Can my project be focused on something personal?
No. Your quality improvement project needs to be in a clinical setting that involves or affects patient care. In other words, it needs to somehow improve a patient’s experience. Why? Our goal here is to improve a system with interdependent parts; it requires working with other people who have a role in that system.
What if the focus of my project is on improving staff satisfaction?
Staff satisfaction can’t be the primary benefit of your project. It can be a secondary benefit, but the primary goal of your quality improvement project should be focused on improving the care process for patients. That doesn’t mean you necessarily have to be at the bedside. Projects such as reducing wait time in the emergency department or reorganizing the medication delivery process both involve patients. Improving the scheduling among providers in a practice or getting more staff to attend meetings, on the other hand, don’t have a direct impact on patient care and wouldn’t fit the requirements of the Practicum.
What if my project isn’t successful?
Your project doesn’t have to be successful for you to receive credit. We, of course, hope it is successful, but the goal of the Practicum is for you to practice using quality improvement knowledge in a clinical setting. The process and the learning are more important than the outcome.
What is the suggested timeline for the Practicum?
(Adopted with permission from the IHI Open School Chapter at the University of Toronto)
How long should a project take?
A project should take anywhere from 4 weeks to 6 months, depending on the complexity and other time commitments. (We do, however, understand that schedules at some schools include projects that take up to a year.) Projects can go on for longer, but try to scope your project accordingly. In other words, start small!
I came up with the idea for my project, but does that always have to be the case? Coming up with your own project is wonderful, but you can certainly get involved with ongoing quality improvement work. In fact, working closely with a health care organization often means there’s a better chance that the improvement will continue over time. Just remember that you have to lead at least a small piece of the project. You have to be in charge of at least two PDSA cycles – from set up to learning. If you just go in and collect data, that’s not really learning quality improvement.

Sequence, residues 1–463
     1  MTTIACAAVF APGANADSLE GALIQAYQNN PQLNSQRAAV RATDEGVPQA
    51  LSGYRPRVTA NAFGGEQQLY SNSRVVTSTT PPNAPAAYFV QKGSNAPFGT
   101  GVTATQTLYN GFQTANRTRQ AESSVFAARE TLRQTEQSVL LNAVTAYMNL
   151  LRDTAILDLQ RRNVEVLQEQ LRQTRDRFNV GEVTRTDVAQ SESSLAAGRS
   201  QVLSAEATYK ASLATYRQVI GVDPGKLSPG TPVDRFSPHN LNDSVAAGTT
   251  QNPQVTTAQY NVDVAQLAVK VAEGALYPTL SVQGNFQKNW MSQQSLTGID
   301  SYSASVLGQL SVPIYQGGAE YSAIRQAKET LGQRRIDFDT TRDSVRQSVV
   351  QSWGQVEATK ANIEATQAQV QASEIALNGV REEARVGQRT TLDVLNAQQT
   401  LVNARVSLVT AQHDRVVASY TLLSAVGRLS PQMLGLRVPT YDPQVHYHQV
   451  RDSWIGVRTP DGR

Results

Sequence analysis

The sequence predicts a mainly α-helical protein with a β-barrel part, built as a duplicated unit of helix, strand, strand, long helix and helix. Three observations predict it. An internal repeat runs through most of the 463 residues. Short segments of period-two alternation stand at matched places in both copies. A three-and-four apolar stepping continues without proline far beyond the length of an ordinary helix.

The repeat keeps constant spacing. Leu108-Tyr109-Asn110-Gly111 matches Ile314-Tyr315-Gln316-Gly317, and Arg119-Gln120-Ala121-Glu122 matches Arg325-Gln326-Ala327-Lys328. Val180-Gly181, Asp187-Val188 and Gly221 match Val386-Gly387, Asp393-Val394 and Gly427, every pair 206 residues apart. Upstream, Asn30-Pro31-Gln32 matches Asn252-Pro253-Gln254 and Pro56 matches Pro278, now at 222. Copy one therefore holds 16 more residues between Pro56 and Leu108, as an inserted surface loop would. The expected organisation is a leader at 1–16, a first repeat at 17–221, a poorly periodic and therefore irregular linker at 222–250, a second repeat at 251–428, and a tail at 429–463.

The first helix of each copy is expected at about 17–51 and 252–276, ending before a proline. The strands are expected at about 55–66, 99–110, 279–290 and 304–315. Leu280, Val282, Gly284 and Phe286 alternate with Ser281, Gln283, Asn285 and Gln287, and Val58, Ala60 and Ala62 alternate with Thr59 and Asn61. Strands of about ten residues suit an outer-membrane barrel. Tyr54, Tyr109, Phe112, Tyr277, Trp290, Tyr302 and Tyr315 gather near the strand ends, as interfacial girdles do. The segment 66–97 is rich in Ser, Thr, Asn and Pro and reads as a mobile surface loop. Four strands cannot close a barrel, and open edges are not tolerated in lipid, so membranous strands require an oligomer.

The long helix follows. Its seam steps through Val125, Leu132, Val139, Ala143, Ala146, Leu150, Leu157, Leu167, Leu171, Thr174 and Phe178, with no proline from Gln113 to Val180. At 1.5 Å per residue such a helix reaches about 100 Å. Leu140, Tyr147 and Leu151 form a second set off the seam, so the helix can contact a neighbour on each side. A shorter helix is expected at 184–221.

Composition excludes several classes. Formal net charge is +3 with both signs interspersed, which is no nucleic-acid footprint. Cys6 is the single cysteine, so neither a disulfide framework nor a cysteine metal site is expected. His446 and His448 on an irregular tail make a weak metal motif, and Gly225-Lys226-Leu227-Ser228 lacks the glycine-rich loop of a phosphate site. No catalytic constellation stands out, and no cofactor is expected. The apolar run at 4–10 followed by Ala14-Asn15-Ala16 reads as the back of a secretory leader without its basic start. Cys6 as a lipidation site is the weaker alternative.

Does my project need to be done with an interprofessional team?
We recommend that your team include learners from different backgrounds (e.g., nursing, medicine, public health, etc.), but it is not required.
How many students/residents should be working on one Practicum project?
We recommend that your team include 2-3 members but interdisciplinary group projects can be up to 6-7 members if this helps inclusivity of other professional groups.
Do I have to complete a project from start to finish?
Yes, you need to select a project and then follow it through to the end. Remember, the scope of your project can be very small. You don’t have to improve the discharge process at a 1,000-bed hospital down the street. Strive to improve the hand-off process on one ward. Make it easier for patients to get a good night’s sleep on one floor.
What exactly do you mean by “scope”?
Scope is the work that needs to be accomplished to finish a project. As you may recall from QI 102, quality improvement is different from clinical research. Instead of interviewing 100 patients before taking action (research), quality improvement encourages you to ask only one or two patients before putting a small test of change into action.